December 20, 2020
Payments for a construction project in Ontario are trust funds under the Construction Act (formerly the Construction Lien Act). Persons involved in a breach of trust may be ordered to personally pay the misdirected amounts. Hopefully, this will not be you, but one purpose of this article is to warn you of that risk. However, you also may find yourself on the other side, looking to recover against a shell company, and look to the bad actors.
This is a situation where using a corporation may not limit personal liability.
You may be aware of construction liens. You might even be aware that they apply to residential construction, not just commercial projects. The trust fund provisions are less well known.
The trust fund provisions of the Act are intended to protect suppliers and sub-contractors “down the chain”. Once their payor receives funds – whether from the owner, a general contractor, a bank loan or otherwise – they must be used to pay the suppliers, workers or sub-subcontractors. Only once everybody is paid may the person with the money retain any surplus for themselves. If the payor is a contractor themselves that is their profit or overhead, which cannot be deducted from the trust funds unless everybody else is paid first.
To give added teeth to this rule, the Act provides that every director or officer of a corporation which is a trustee under the Act or any person who has effective control of the corporation or its activities commits a breach of trust if they assent to or acquiesce in the conduct that they know, or ought to know, is a breach of trust.
Let’s unpack that a little.
First, “assent” and “acquiesce” are tests that make it very easy to become a party to the breach of trust. You do not have to initiate the breach. You do not even have to participate. You do not even need to actually know about the breach – if you should have known, your ignorance will not save you. A failure to account for the funds has been considered to be evidence of a breach of trust. You only need to be in effective control, and do nothing to try to stop the breach.
Effective control is a question of fact:
- A director with authority to sign cheques on behalf of the defendant may have effective control
- Just signing cheques on behalf of a corporation indicates that the person had some knowledge of its workings and issues such as disputes over non-payment of invoices and may have effective control
- An authorized purchasing agent with signing authority, who collected money, determined which invoices would be paid, signed cheques, and determined what jobs the company would bid on was found to have effective control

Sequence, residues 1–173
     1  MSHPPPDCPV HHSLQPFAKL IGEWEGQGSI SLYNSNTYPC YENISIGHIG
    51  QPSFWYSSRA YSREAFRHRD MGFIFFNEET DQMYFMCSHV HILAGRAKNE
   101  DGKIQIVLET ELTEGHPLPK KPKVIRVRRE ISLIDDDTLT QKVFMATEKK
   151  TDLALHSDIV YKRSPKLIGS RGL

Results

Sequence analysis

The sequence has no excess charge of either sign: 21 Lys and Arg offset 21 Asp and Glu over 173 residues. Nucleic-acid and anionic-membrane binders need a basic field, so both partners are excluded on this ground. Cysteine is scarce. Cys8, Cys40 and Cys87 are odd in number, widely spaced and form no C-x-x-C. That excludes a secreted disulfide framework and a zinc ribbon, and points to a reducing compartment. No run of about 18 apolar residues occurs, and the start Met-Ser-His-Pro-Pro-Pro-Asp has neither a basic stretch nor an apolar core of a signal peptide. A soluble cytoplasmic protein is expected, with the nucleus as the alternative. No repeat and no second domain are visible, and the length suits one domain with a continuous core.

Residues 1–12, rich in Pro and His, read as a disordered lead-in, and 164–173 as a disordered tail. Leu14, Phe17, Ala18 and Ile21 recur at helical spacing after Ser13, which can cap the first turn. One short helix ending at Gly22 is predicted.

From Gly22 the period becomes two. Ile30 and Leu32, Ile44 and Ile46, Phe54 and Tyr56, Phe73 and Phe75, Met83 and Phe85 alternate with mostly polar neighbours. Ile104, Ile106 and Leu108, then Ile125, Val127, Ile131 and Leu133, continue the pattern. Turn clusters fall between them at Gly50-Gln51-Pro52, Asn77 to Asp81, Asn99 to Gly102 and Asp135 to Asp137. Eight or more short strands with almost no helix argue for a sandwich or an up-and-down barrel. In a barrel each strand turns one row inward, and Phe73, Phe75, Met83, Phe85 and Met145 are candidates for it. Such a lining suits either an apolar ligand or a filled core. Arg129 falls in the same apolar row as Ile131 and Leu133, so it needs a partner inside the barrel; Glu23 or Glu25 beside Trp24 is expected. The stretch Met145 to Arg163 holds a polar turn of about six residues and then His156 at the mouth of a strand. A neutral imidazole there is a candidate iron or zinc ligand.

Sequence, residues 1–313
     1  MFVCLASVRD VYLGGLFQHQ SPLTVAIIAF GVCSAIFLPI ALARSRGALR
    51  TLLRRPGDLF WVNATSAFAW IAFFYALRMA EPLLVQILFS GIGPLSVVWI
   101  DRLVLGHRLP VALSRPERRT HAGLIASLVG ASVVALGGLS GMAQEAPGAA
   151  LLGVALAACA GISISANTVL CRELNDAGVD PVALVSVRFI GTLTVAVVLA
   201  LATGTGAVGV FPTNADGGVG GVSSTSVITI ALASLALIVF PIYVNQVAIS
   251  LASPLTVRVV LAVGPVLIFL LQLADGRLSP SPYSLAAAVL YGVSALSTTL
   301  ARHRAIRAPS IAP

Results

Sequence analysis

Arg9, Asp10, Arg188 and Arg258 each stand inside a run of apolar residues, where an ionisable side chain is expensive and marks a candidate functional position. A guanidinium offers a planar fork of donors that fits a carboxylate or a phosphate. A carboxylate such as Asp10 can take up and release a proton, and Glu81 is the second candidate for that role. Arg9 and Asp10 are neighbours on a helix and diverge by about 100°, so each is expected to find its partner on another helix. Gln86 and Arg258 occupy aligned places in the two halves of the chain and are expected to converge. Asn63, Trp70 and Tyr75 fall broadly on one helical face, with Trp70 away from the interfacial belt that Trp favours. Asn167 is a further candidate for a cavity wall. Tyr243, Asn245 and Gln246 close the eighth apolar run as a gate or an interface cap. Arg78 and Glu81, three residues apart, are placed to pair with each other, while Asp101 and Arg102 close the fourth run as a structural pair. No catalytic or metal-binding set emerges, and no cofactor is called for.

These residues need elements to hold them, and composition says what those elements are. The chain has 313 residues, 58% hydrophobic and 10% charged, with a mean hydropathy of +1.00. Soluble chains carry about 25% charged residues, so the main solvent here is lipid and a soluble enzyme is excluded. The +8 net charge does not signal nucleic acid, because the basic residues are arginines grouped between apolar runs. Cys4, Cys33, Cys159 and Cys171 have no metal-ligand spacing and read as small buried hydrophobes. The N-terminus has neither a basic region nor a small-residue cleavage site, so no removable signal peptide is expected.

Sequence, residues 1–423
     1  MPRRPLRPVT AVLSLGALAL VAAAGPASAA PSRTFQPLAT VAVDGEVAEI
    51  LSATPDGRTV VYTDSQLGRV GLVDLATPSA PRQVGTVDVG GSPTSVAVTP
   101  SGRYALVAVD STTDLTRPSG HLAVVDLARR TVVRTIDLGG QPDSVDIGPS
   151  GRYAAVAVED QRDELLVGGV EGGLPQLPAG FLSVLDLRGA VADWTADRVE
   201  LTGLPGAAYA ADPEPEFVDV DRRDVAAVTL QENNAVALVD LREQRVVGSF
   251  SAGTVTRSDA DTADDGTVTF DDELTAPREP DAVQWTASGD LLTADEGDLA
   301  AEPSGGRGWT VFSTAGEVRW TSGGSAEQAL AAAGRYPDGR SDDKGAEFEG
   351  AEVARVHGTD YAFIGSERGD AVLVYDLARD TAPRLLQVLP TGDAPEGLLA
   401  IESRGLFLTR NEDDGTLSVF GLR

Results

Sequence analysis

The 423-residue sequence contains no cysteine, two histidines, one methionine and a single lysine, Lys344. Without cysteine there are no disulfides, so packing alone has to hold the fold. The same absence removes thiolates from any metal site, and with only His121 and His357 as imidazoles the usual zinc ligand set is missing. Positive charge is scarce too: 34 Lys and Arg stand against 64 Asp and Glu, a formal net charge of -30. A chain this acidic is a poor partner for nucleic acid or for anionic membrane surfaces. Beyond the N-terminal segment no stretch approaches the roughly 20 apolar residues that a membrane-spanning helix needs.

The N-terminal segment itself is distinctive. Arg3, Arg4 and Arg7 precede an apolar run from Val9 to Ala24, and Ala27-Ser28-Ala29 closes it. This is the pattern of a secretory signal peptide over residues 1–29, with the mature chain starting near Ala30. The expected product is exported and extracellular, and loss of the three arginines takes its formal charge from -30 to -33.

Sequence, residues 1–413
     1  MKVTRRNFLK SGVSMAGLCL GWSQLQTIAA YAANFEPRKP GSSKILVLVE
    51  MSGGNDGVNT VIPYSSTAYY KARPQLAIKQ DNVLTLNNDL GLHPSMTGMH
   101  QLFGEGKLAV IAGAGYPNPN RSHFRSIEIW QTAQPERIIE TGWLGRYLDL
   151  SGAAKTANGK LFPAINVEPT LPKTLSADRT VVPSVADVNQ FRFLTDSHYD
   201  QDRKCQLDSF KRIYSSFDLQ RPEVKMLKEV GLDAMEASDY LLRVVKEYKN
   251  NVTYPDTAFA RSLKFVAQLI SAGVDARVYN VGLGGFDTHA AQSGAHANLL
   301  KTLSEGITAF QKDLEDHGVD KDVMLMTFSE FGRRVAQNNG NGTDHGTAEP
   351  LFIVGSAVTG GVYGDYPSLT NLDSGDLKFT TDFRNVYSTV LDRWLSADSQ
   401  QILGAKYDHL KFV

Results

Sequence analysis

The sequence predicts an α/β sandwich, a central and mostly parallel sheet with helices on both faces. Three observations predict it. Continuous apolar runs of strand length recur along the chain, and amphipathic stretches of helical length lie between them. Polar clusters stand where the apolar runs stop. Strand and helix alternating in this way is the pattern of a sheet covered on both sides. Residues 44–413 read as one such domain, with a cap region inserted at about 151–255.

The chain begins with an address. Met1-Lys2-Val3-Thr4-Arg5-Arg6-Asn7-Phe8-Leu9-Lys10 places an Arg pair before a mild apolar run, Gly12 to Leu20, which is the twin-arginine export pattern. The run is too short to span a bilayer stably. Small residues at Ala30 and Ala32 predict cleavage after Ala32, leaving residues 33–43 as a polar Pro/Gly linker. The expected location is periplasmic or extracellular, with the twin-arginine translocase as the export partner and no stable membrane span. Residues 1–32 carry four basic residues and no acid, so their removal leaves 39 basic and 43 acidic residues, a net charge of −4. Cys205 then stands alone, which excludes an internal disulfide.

The Ontario Court of Appeal considered these provisions in the case of Central Lumber Limited v. Gentile. They had no difficulty upholding the trial judge’s reasoning in favour of the Plaintiff – the entire judgment is only seven paragraphs. The trial judgment is somewhat more detailed. It tells a tale of a convoluted scheme by one Defendant, Gallo, to obscure his identity in dealing with the lumber supplier for his new home. That supplier dealt with someone they knew only as “Peter”, who acted on behalf of a numbered company that said it was the contractor.
When the lumber was supplied, and a copy of a bank draft was produced payable to the lumber company, but not paid to them, things unravelled.
The case was complicated by the dispute as to whether Gallo and “Peter” were the same person, and certainly that extra layer of deceit may have cost Gallo any claims to moral high ground. Once that issue was resolved, the rest of the case is a straightforward application of the trust provisions.
To prove the existence of the trust, the supplier only had to prove:
- The contractor received monies on account of its contract or subcontract price for a particular project.
- The party alleging breach of trust supplied services and materials for that project.
- The contractor owes money to the party alleging breach of trust for those services and materials.
Gallo, as Peter, was found to have effective control of the contractor, though he did not appear to be an officer, director or shareholder. The judge found facts to indicate that:
- he arranged the sale of the shares in the corporation from a friend to an unknown person who had nothing to do with the lumber supply;
- insisted that the supplier deal only with him (as “Peter”);
- sent emails to the supplier from his business email; and
- had control over the funds.
You do not have to be deceitful like Gallo to be found to have assented to or acquiesced in the breach of trust. Innocently applying a bank construction advance to pay other bills is enough. Liability under the Construction Act does not require wrongdoing or an intention to breach the trust.
In addition to having to pay the trust amount, where there is an intention breach of trust, there may be criminal law consequences. Because the test for breach of trust in the Construction Act is not identically with the Criminal Code, it is not automatic, but in many cases, misappropriation of funds results in a finding of fraud.
These provisions apply to renovations as well as new construction.
Not knowing your obligations under the Construction Act may land you in hot water. If you are a payor, or may have effective control of the payor, you must take proactive steps to ensure that funds flow as planned.
If you are a contractor or supplier, being aware of the trust fund provisions may increase your odds of getting paid, especially if your payor, or the head contractor, is insolvent. In that case, tracing the funds to owners may be your best worst option.